Medically reviewed by Drugs.com. Last updated on Jan 10, 2019.
What are other common names?
- Salix alba
- Salix daphnoides
- Salix fragilis
- Salix nigra
- Salix pentandra
- Salix purpurea
- Basket Willow
- Bay Willow
- Black Willow
- Black Willow Extract
- Black Willowbark
- Brittle Willow
- Corteza de Sauce
- Crack Willow
- Daphne Willow
- European Willow
- European Willow Bark
- Extrait d'Écorce de Saule
- Extrait d'Écorce de Saule Blanc
- Extrait de Saule
- Extrait de Saule Blanc
- Laurel Willow
- Organic Willow
- Osier Blanc
- Osier Roug
- Purple Osier Willow
- Purple Osier Willow/Basket Willow
- Purple Willow
- Pussy Willow
- Salicis cortex
- Saule Argenté
- Saule Blanc
- Saule Commun
- Saule des Viviers
- Saule Discolore
- Saule Fragile
- Saule Noir
- Saule Pourpre
- Violet Willow
- White Willow
- White Willow Bark
- White Willow Extract
- Wild Countryside White Willow
- Willow Bark Extract
- Écorce de Saule Blanc
What is this product used for?
Willow bark may be used to help with swelling, and muscle and joint pain, especially in people with arthritis. Others will use it to help lower fevers and symptoms of the common cold or flu. Some people believe willow bark may help with cancer, headache, menstrual cramps, and gout.
What are the precautions when taking this product?
Always check with your doctor before you use a natural product. Some products may not mix well with drugs or other natural products.
This product may interfere with some lab tests. Be sure to talk with your doctor about this and all drugs you are taking.
Be sure to tell your doctor that you take this product if you are scheduled for surgery or tests.
Do not use this product if you are pregnant or plan to become pregnant soon. Use birth control you can trust while taking this product.
Do not use this product if you are breastfeeding.
Avoid beer, wine, and mixed drinks (alcohol) while taking this product.
Take extra care if you are allergic to aspirin.
Take extra care if you are taking drugs to thin your blood. These are drugs like warfarin (Coumadin), heparin, or enoxaparin (Lovenox).
Take extra care if you are taking drugs to dissolve blood clots. These are drugs like alteplase (Activase), reteplase (Retavase), or streptokinase.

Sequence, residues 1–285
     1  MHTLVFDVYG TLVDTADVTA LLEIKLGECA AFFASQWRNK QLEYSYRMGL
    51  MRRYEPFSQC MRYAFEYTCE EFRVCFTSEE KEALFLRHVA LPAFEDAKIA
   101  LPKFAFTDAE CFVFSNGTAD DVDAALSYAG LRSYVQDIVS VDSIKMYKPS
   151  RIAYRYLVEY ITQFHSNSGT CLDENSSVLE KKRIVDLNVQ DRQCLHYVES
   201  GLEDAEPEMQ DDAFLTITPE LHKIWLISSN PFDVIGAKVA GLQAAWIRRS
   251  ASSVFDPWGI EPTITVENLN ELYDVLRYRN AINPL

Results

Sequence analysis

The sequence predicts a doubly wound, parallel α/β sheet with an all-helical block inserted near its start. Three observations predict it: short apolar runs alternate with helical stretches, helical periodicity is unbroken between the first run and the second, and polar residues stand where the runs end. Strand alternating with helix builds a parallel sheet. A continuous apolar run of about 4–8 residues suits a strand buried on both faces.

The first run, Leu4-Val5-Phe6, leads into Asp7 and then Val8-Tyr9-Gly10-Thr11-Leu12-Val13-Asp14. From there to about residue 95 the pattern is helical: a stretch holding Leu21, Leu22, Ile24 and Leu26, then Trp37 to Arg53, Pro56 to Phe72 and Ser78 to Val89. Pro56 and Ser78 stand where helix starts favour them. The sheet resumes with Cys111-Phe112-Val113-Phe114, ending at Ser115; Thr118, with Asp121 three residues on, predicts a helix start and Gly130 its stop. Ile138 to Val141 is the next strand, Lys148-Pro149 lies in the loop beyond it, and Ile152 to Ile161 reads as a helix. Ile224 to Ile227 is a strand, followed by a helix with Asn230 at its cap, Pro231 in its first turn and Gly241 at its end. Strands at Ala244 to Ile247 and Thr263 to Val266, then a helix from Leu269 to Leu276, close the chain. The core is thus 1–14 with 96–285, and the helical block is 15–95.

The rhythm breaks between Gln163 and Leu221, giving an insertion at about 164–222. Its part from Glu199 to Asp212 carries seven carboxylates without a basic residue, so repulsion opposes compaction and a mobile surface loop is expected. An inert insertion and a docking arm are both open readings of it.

Take extra care if you are taking drugs to help with swelling or inflammation. These are drugs like nonsteroidal anti-inflammatory drugs (NSAIDs), aspirin, ibuprofen (Advil), or naproxen (Naprosyn).
Take extra care and check with your doctor if you have:
Keep hard candies, glucose tablets, liquid glucose, or juice on hand for low blood sugar.
What should I watch for?
When do I need to call the doctor?
Signs of a very bad reaction. These include wheezing; chest tightness; fever; itching; bad cough; blue skin color; seizures; or swelling of face, lips, tongue, or throat. Go to the ER right away.
Signs of liver problems. These include upset stomach or throwing up, belly pain, feeling tired, dark urine, yellow skin or eyes, not hungry.
Signs of low blood sugar. These include hunger, dizziness, shaking, a fast heartbeat, confusion, or sweating.
Very bad throwing up
Very bad belly pain
Very bad loose or bloody stools
Bruising or bleeding that is not normal
Changes in menstrual periods like lots of bleeding, spotting, or bleeding between cycles
Ringing in the ears
Last Reviewed Date
Consumer information use
This information is not specific medical advice and does not replace information you receive from your healthcare provider. Only your healthcare provider has the knowledge and training to provide advice that is right for you. You should not rely on this information in deciding whether or not to use, or accept your healthcare provider’s advice regarding use of, any natural products or similar treatments, therapies, or life-style choices. This information does not endorse any natural products or similar treatments, therapies, or life-style choices as safe, effective, or approved for treating any patient or health condition. This is only a brief summary of general information. It does NOT include all information about natural products, possible uses, directions, warnings, precautions, interactions, adverse effects, or risks that may apply to you. You must talk with your healthcare provider for complete information about your health and treatment options.
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